In 1929, Edward Link, an American inventor and aviation enthusiast, created the Link trainer. In his patent application the machine was described as ‘a fuselage-like device with a cockpit and controls that produced the motions and sensations of flying’. We now know it as the original flight simulator, and many see it as an early example of virtual reality.
Studies conducted by Jeremy Bailenson at Stanford showed that VR-training, even with limitations of the rendering systems in 2005, improved learning of physical movements over a two-dimensional video with 25%.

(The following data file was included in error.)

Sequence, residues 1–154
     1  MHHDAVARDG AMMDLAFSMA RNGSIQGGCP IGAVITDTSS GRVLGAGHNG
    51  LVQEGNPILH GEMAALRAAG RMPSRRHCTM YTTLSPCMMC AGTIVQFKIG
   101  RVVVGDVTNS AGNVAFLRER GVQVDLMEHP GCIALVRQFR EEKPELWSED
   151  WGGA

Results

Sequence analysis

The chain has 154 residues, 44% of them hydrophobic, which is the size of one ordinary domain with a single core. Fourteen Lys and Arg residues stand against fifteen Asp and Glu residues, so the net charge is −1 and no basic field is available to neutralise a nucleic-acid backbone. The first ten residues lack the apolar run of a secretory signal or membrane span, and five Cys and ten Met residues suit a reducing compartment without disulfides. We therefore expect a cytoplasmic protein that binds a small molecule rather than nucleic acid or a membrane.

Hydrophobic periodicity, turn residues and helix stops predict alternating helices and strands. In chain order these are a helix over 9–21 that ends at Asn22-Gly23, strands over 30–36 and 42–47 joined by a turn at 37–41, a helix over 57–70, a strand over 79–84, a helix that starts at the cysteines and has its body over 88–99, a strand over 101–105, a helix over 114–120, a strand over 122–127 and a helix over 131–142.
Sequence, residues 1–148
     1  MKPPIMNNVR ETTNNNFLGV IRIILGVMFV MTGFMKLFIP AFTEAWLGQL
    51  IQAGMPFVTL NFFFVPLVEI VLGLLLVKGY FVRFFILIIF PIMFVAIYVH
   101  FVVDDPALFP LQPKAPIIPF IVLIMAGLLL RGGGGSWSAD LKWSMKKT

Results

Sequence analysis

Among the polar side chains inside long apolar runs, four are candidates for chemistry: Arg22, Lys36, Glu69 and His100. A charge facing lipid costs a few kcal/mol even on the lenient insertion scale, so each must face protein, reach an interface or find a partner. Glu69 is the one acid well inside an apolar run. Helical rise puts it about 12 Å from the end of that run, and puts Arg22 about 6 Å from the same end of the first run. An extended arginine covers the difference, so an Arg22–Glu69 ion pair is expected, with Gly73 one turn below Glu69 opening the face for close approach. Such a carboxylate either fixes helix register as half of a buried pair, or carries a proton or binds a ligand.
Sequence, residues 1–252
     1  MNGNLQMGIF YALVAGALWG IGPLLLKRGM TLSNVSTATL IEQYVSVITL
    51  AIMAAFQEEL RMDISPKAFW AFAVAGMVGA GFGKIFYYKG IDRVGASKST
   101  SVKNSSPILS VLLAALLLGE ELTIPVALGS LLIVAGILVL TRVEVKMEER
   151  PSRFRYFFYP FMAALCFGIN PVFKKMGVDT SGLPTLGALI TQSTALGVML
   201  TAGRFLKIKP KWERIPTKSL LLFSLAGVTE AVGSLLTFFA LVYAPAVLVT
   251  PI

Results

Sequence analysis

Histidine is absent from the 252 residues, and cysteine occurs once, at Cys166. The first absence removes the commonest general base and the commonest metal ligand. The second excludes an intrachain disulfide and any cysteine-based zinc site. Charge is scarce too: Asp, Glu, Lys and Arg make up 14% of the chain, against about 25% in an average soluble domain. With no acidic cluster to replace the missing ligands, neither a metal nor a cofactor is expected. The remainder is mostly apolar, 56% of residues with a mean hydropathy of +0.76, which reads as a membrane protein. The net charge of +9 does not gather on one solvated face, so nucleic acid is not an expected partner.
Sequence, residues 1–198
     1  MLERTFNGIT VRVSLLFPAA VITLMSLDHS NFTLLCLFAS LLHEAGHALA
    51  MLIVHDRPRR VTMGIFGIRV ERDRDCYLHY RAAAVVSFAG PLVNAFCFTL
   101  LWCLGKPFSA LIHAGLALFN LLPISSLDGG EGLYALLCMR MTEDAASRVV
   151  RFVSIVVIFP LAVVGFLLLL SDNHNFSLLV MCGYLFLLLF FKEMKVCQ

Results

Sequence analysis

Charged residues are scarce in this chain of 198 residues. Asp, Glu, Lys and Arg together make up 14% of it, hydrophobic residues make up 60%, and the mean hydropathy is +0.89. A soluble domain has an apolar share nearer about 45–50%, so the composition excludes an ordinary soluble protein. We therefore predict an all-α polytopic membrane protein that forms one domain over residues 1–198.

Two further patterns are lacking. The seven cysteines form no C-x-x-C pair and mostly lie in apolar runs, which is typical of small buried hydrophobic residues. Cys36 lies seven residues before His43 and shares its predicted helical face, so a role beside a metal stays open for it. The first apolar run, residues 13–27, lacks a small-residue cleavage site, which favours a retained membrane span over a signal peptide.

Training for soldiers, pilots, drivers, surgeons, police officers, and other people who are doing dangerous jobs-these are just a few of the hundreds of applications being used. But there are countless ways VR can be used to improve the cognitive skills we use in everyday life. Negotiation, public speaking, carpentry, machine repair, dance, sports, musical instruction-almost any skill can conceivably be improved through virtual instruction.
Virtual Training and Simulation Market is expected to garner $329 billion by 2022, registering a CAGR of 16.8% during the forecast period 2016 – 2022.